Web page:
Lyn Cooper wearing "I Am A Lesbian" t-shirt, Adelaide, South Australia, c. 1973. Unidentified photographer, Jill Matthews Collection, Australian Lesbian and Gay Archives (http://alga.org.au)
Welcome to Wearing Gay History, home to the digitized t-shirt collections of numerous lesbian, gay, bisexual, and transgender archives across the United States, including:
- the Chris Gonzalez Library and Archives of Indianapolis, Indiana
- the Gerber/Hart Library and Archives of Chicago, Illinois
- the Rainbow History Project of Washington, D.C
- the Jean-Nickolaus Tretter Collection of Minneapolis, Minnesota
- the John J. Wilcox, Jr. LGBT Archives of Philadelphia, Pennsylvania
- the In the Life Archives (Schomburg Center) of Harlem, New York
- the New York Public Library of New York
- the Gulf Coast Archive and Museum of Houston, Texas
- the UTSA Libraries Special Collections of San Antonio, Texas
- the James C. Hormel Gay & Lesbian Center of San Francisco, California
- the GLBT Historical Society of San Francisco, California
- the USM Special Collections of Portland, Maine
Whether to protest, satirize, or show pride, the LGBT community’s often ignored history can be seen vividly in the clothing we often throw out. We invite you to browse through the t-shirts and explore the short exhibits to more thoroughly understand the history of LGBT communities around the country with select t-shirts from the past forty years.
We also invite you to consider how t-shirts can serve as valuable tools to see into our local and national history. Most of the t-shirts housed at the selected archives were worn within the past twenty years. Yet, in many ways, they sometimes seem to represent an America of the distant past. What has changed? What remains the same? We encourage you to think about how other seemingly mundane items in your daily life might one day help to explain your own history. Enjoy the collections.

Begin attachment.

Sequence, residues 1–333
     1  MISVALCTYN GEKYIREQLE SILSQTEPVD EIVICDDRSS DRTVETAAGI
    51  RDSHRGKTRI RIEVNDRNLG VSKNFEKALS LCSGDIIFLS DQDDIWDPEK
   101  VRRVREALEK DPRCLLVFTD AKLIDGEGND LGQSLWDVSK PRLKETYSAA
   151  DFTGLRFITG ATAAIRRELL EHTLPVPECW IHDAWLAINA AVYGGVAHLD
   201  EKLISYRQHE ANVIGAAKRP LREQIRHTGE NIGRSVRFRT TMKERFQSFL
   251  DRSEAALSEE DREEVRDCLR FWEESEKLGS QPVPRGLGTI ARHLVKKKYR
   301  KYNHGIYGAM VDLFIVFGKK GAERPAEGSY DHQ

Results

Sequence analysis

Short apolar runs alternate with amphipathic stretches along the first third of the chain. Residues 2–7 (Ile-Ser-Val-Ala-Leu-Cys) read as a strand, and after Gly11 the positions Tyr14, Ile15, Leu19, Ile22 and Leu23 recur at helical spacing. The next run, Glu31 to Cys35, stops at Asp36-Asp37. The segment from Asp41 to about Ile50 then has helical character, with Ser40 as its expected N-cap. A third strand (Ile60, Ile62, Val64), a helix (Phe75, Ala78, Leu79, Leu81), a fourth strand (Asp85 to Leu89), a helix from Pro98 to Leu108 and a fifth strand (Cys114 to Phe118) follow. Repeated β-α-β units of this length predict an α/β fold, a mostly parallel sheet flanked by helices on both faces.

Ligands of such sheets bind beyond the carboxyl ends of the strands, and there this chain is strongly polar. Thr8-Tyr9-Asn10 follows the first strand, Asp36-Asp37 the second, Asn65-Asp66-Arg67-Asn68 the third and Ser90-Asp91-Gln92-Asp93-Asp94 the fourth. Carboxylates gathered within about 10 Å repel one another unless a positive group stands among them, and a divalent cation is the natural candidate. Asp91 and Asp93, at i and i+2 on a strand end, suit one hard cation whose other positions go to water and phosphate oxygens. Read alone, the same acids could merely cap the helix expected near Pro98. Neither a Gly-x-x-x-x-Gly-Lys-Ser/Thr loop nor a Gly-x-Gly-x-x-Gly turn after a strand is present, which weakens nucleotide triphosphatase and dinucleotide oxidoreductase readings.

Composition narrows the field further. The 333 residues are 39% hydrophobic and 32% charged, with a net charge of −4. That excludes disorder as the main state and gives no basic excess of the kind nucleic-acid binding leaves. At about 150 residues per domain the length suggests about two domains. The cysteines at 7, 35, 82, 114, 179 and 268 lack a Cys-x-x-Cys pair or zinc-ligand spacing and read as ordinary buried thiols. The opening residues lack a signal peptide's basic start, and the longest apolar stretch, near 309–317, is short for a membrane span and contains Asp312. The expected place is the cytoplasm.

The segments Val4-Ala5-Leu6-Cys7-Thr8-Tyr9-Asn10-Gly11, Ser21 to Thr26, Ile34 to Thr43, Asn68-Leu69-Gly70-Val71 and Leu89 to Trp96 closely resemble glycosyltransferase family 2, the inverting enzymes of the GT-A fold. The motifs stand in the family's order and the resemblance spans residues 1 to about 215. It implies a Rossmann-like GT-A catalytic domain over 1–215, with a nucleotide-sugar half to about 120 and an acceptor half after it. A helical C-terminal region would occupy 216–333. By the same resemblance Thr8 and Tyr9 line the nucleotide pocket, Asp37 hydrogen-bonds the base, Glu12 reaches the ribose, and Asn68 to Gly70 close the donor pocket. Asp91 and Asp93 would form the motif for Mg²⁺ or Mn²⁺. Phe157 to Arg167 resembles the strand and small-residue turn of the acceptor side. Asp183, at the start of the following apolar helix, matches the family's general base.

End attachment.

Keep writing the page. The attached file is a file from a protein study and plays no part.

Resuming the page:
Wearing Gay History began as a graduate student project at George Mason University in the Fall of 2014. Using Omeka, an open source, archival web-publishing platform created at the Roy Rosenzweig Center for History and New Media, doctoral student Eric Gonzaba digitized the entire t-shirt collection of the Chris Gonzalez Library and Archives in Indiana in an effort to bring attention to LGBT history of “fly over” country. In January 2015, Wearing Gay History began expanding to include other textile collections across the country. The site currently includes shirts from most of the 50 states and over 25 different countries.
1) To combat the “bicoastal bias” of queer history
Though the digital archive contains shirts from all parts of the country, we hope this project uncovers LGBT history outside the urban queer capitals of San Francisco and New York and in particular highlights the rich queer histories of the American Midwest and South.
2) To show both the distinctness and interconnectedness of queer identities across geographic lines
Though queer history is often all lumped together as a single, united movement, the shirts in the Wearing Gay History archive suggest queer people had diverse experiences based on what part of the country they may have lived. Still, despite these cultural differences, the shirts suggest that queer identities were in constant contact and negotiation with one another. Through vacations, sports clubs, or musical ensembles, for example, LGBT people were never as isolated within their hometowns.
3) To bring visibility to smaller queer archives across the country
LGBT communities greatly benefited from the emergence of distinct archives of their own in the past few decades. City-focused archives in particular have saved much of the queer history that larger archival institutions might have neglected due to space or organizational concerns. Wearing Gay History hopes to feature the incredible work of LGBT archives across the country and continue to aid in digitization of their impressive textile collections.
4) To uncover often ignored history of diverse LGBT cultures
Along with our efforts to find history not exclusively of the Castro or Chelsea, we hope the t-shirts in the collection serve as another historical source for making visible the history of diverse sexual, gendered, and racial queer cultures. Like many LGBT archives, the content of our collection is overwhelming focused on the history of gay, white men. However, we strive to include items of that bring to light the often-ignored histories of queer people of color, bisexuals, lesbians, and transgender men and women.